04 August 2009
Recycle 08: Murder
[Link removed 20 November 2012] (21 MB)
Factory Benelux (Belgium) FBN 22
Produced New Order
2. Thieves Like Us Instrumental
Sourced from the Substance CD. Just a bit of level adjusting and a slight touch of limiting.
Murder was New Order's second and last exclusive single for Factory Benelux. For a group which had occasionally put very strong songs on B-sides (Cries And Whispers, Lonesome Tonight, 1963), this one seems more like a B-side than an A-side, and was relegated to the B-side disc on the Substance compilation. It's a short song by New Order standards, and not very melodic. Driven by a pounding, somewhat tribal drum rhythm, it's really just a few riffs which repeat throughout the track. It's instrumental aside from some dialogue and music samples from the films Caligula and 2001: A Space Odyssey. Originally intended for Power, Corruption & Lies, Murder was left off at the last minute.
New Order (and Joy Division before them) had a long-standing relationship with film. The band started naming songs after movies because their original rehearsal space had some old posters hanging on the wall: The Sound Of Music (named so by Ian Curtis because he did actually love the movie, but also to be funny), Ice Age (Eiszeit), In A Lonely Place, Cries And Whispers, Age Of Consent, Thieves Like Us, and on Technique we have Vanishing Point, which is not only a film, but the lyrics make a direct reference to Whistle Down The Wind.
To me, Murder is the last of the New Order songs to bear any resemblance to Joy Division. I love this track a lot, and I think it would have been right at home on Power, Corruption & Lies, which has one more film connection in the song Ultraviolence, taking it's title from Clockwork Orange.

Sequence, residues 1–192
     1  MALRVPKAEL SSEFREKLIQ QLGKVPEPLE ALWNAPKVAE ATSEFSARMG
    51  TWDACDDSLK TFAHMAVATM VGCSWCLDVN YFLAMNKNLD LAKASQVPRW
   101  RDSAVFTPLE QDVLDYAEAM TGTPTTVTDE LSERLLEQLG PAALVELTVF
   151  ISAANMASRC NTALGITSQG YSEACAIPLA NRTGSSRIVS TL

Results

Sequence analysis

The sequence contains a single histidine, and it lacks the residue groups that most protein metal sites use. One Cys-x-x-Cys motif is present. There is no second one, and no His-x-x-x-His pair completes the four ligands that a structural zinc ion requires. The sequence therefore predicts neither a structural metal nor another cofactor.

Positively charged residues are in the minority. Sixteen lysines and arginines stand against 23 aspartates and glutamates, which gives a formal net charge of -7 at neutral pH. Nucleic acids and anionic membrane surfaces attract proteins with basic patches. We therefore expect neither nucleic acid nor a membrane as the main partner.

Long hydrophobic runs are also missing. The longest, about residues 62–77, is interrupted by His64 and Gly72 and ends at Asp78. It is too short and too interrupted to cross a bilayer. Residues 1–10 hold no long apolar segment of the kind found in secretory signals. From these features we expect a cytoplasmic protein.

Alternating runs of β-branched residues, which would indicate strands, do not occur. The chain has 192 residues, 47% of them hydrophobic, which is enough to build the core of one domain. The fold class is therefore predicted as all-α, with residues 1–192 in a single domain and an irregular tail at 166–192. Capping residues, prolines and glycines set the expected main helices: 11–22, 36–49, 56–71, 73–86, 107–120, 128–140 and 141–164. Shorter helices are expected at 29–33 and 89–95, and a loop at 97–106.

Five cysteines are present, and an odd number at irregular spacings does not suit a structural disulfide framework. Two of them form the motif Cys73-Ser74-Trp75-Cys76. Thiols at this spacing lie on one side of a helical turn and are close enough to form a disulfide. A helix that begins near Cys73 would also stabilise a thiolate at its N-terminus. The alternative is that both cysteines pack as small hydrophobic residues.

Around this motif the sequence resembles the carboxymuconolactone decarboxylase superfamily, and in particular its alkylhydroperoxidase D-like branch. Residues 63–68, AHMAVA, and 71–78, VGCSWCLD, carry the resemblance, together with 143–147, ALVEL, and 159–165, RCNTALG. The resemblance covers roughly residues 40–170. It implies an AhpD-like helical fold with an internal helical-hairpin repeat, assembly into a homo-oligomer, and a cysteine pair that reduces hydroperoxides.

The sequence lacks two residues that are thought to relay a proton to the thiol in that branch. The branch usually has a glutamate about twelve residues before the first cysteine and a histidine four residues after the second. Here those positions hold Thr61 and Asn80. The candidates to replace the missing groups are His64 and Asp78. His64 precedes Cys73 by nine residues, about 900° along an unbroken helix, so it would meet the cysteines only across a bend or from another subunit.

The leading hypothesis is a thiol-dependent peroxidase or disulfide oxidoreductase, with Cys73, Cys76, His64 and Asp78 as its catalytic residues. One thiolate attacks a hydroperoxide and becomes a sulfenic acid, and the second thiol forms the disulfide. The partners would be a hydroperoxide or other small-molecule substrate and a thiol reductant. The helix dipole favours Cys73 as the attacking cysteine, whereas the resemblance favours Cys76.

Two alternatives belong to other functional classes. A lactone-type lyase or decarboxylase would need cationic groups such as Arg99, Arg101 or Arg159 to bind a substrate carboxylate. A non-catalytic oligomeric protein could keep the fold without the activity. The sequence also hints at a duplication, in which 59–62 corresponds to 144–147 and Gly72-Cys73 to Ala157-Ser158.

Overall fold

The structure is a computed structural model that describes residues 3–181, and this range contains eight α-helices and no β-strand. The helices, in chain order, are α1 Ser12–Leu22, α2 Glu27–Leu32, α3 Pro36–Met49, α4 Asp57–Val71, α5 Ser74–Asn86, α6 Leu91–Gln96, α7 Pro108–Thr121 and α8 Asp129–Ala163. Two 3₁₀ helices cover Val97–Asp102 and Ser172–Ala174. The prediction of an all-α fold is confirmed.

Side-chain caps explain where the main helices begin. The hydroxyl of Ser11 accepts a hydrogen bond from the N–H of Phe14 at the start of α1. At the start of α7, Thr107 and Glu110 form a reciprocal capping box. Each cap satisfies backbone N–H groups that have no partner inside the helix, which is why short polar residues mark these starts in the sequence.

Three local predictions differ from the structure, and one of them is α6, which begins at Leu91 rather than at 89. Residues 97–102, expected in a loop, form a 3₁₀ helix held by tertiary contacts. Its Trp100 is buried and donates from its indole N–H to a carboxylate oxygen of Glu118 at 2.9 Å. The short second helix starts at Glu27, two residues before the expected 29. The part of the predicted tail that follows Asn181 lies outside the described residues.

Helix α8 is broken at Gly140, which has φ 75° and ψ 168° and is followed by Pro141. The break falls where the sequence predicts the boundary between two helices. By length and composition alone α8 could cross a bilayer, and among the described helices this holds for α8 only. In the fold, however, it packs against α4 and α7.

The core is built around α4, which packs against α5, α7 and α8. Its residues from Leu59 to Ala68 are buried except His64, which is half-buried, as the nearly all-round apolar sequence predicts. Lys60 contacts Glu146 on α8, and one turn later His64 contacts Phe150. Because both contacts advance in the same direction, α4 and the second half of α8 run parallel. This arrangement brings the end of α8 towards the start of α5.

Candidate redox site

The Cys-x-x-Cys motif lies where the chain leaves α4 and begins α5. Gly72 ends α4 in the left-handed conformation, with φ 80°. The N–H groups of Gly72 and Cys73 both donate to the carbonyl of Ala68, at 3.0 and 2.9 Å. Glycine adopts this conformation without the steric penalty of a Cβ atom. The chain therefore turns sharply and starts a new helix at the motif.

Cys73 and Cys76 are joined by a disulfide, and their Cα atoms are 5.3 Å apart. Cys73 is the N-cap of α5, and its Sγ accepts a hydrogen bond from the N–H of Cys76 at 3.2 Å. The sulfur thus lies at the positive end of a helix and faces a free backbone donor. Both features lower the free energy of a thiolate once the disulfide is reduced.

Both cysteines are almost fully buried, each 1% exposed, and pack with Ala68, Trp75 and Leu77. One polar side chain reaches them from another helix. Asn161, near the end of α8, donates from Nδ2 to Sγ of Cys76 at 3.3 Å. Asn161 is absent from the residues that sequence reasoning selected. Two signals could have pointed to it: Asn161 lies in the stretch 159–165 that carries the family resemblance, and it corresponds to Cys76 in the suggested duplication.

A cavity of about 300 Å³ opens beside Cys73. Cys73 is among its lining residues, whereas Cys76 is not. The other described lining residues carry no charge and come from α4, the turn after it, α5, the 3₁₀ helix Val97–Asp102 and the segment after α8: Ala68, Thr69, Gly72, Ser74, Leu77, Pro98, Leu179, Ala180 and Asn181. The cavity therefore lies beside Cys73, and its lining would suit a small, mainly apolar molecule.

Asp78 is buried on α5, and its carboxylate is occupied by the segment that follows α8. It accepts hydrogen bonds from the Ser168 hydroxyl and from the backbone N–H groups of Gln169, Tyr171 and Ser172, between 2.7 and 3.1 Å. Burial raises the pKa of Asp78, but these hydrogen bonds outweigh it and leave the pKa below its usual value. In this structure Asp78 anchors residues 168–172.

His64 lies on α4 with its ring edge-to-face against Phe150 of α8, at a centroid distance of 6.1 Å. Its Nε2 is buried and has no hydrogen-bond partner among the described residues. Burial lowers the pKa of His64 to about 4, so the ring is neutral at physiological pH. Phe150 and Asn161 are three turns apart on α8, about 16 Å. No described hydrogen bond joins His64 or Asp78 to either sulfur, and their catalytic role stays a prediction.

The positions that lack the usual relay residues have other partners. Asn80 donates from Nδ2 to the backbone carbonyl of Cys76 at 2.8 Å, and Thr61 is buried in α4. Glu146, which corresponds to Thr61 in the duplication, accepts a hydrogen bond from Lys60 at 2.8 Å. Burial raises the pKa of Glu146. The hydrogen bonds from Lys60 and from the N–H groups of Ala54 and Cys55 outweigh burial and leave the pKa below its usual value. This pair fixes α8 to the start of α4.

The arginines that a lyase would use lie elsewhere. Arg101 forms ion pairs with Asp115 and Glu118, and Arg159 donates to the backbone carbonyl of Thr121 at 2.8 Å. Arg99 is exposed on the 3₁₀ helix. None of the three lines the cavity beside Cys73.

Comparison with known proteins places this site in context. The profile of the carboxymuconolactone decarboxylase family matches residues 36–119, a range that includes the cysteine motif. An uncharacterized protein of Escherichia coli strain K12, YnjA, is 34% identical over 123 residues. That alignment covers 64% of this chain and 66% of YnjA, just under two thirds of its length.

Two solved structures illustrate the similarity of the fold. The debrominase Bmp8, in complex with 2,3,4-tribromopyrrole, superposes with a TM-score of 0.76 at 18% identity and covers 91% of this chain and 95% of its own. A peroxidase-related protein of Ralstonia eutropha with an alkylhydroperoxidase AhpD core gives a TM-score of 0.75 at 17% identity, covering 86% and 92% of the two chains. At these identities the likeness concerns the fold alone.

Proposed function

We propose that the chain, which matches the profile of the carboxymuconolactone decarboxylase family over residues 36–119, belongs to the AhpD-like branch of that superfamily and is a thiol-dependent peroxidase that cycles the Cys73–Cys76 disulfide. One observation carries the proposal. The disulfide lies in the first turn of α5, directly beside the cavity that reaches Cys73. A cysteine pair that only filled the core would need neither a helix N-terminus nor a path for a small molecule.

What's most interesting to me here is the use of sampled dialogue in lieu of any lyrics. Having bought an E-Mu Emulator in late 1982 - one of the first affordable sampling synthesizers - if the band had actually put this on the album, it would have been the first record to use sampling in such a way. By the late 90's sampled dialogue in dance and industrial music was commonplace.
Just as one would say "a school of fish" or "a flock of sheep", the correct usage is "a murder of crows". In both films, the sampled dialogue deals with murder - either human or mechanical - but in Caligula, Malcolm McDowell keeps seeing crows as an omen of impending death, and he fears them.
Murder is one of the very few songs from the Factory years that was never played live. Best of all is the sleeve, which serves as a night-time counterpart to Thieves Like Us.